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Governor’s Address: Universal Home Care will create more wait lists 

Here we go again. There’s another referendum on the ballot this fall that sounds too good to be true. Trust me, it is.

The ballot question proposes a bill, which is called “An Act to Establish Universal Home Care for Seniors and Persons with Disabilities.” It would pay for “in-home and community support services to individuals and families.”

Sounds great, right? Don’t be misled. “Universal” in this case isn’t universal.

But here we go again. Big-money special interests from out of state are using Maine’s referendum process to push policies that would never make it past my veto. The Maine People’s Alliance will tell you that this bill simply taxes the wealthy to pay for free in-home care for people with disabilities and for all our seniors. I will tell you what it really does.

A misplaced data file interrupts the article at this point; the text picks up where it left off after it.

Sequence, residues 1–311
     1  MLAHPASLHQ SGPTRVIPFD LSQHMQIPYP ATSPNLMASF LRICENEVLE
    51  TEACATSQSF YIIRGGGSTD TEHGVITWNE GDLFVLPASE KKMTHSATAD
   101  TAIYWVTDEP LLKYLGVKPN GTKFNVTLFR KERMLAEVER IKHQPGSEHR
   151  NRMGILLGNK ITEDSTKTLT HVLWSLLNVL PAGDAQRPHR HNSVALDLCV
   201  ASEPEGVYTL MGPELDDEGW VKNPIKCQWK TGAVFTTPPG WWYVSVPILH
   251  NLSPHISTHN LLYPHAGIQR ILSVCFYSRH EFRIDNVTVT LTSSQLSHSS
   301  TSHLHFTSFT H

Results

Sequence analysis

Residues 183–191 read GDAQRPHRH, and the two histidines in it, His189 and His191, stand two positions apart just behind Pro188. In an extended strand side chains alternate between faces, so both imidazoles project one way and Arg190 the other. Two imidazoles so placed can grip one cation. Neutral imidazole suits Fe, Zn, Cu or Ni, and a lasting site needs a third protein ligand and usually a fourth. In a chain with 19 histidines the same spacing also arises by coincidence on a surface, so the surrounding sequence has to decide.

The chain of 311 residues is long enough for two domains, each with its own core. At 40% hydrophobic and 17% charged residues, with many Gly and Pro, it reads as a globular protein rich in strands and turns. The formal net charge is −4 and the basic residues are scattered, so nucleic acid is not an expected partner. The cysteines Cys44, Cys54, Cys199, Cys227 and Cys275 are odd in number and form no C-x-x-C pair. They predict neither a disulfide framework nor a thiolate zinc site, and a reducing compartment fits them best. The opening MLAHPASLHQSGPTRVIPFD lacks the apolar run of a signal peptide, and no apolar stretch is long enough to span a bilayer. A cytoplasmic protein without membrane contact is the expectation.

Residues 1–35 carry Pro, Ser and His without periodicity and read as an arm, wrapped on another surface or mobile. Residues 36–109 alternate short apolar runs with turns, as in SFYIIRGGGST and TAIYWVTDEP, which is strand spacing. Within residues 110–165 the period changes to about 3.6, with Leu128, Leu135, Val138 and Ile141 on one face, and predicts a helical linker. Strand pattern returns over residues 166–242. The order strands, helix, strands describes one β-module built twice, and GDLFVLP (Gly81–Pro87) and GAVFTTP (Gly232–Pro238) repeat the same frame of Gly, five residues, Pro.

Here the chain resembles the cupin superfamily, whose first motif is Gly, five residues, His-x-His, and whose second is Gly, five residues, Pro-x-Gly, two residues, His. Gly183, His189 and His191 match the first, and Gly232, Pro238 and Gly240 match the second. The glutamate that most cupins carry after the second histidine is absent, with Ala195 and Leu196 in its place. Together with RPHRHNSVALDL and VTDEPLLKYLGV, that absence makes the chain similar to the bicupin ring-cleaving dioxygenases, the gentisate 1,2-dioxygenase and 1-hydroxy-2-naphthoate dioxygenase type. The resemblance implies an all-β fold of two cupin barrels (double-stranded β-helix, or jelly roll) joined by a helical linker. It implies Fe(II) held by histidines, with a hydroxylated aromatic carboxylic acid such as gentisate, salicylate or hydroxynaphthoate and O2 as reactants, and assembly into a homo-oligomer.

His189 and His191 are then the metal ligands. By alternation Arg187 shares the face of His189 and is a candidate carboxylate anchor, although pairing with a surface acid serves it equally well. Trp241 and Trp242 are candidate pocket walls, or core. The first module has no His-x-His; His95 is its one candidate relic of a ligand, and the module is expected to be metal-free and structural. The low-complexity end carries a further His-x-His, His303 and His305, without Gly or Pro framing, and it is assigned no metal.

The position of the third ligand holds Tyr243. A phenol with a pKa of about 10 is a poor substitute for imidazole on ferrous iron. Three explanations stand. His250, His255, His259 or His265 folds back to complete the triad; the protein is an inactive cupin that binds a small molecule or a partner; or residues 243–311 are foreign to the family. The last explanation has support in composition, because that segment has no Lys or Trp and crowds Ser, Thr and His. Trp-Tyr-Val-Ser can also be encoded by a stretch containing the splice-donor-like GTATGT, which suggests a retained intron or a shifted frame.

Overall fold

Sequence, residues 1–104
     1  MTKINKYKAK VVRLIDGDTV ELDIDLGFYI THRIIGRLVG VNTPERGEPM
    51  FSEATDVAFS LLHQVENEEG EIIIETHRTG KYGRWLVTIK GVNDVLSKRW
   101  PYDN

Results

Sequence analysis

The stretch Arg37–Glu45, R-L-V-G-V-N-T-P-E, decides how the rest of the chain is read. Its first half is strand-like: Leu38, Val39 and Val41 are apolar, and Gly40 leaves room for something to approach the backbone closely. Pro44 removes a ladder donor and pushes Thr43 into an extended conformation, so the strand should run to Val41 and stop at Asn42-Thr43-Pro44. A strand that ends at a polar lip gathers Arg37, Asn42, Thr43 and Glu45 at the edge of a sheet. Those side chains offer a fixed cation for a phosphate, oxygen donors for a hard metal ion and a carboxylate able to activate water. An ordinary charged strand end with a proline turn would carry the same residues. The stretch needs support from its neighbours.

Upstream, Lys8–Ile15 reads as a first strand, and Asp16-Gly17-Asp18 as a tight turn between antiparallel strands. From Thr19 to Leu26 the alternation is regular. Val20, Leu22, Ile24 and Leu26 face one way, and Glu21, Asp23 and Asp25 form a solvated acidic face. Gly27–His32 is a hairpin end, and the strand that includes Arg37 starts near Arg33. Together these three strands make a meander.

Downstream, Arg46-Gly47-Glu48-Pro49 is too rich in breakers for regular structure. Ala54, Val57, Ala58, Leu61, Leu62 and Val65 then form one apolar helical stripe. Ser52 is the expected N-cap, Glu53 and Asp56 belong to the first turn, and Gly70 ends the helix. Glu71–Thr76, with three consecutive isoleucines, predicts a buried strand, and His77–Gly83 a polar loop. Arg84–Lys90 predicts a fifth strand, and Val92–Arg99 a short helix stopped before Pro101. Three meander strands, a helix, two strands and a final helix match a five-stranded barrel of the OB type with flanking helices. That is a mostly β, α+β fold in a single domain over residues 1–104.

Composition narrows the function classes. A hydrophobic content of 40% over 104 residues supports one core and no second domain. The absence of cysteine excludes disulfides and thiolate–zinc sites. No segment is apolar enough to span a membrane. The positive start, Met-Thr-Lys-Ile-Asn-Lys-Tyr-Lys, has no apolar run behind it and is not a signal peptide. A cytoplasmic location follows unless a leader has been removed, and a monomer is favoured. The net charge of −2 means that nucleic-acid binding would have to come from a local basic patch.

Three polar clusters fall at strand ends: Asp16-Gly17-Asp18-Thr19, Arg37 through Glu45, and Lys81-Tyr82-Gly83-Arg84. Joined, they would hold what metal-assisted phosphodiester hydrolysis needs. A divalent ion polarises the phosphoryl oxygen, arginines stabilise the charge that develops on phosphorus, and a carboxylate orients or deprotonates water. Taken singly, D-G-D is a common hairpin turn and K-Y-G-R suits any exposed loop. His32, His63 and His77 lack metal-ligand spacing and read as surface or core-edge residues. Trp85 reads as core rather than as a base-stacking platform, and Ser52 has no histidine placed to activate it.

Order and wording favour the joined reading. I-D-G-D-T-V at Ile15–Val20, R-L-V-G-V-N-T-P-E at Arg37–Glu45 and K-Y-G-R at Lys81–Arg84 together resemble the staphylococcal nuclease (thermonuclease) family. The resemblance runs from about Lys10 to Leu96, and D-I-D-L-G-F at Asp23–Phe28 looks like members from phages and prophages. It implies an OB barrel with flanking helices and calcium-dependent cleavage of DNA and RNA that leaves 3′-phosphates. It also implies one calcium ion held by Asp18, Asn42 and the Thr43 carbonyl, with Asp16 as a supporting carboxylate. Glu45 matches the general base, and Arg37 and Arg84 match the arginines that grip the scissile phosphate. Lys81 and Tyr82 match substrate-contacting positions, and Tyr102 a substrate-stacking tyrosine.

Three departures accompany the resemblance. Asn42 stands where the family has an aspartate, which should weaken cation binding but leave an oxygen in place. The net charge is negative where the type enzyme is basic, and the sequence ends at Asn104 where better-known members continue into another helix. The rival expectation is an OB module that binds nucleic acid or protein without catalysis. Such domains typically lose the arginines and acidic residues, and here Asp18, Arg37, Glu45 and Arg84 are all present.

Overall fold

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Franco Center plans special programs for Francophone Month

On March 15, more than 80 students from Freeport’s L’Ecole Française du Maine will perform the opera “Le Bonheur Selon Les E’Leves de L.’E.F.D.M.” (“Happiness, According to the Students of the L.’E.F.D.M.”).

In observance of New England’s Le Mois de la Francophonie (Francophone Month) 2018, the Gendron Franco Center will present several special programs in March.

Following the center’s next La Rencontre on Thursday, March 15, more than 80 children in preschool through grade five from L’Ecole Française du Maine in Freeport will perform the opera “Le Bonheur Selon Les E’Leves de L’E.F.D.M.” (“Happiness, According to the Students of the French School of Maine”). The performance is free and open to the public.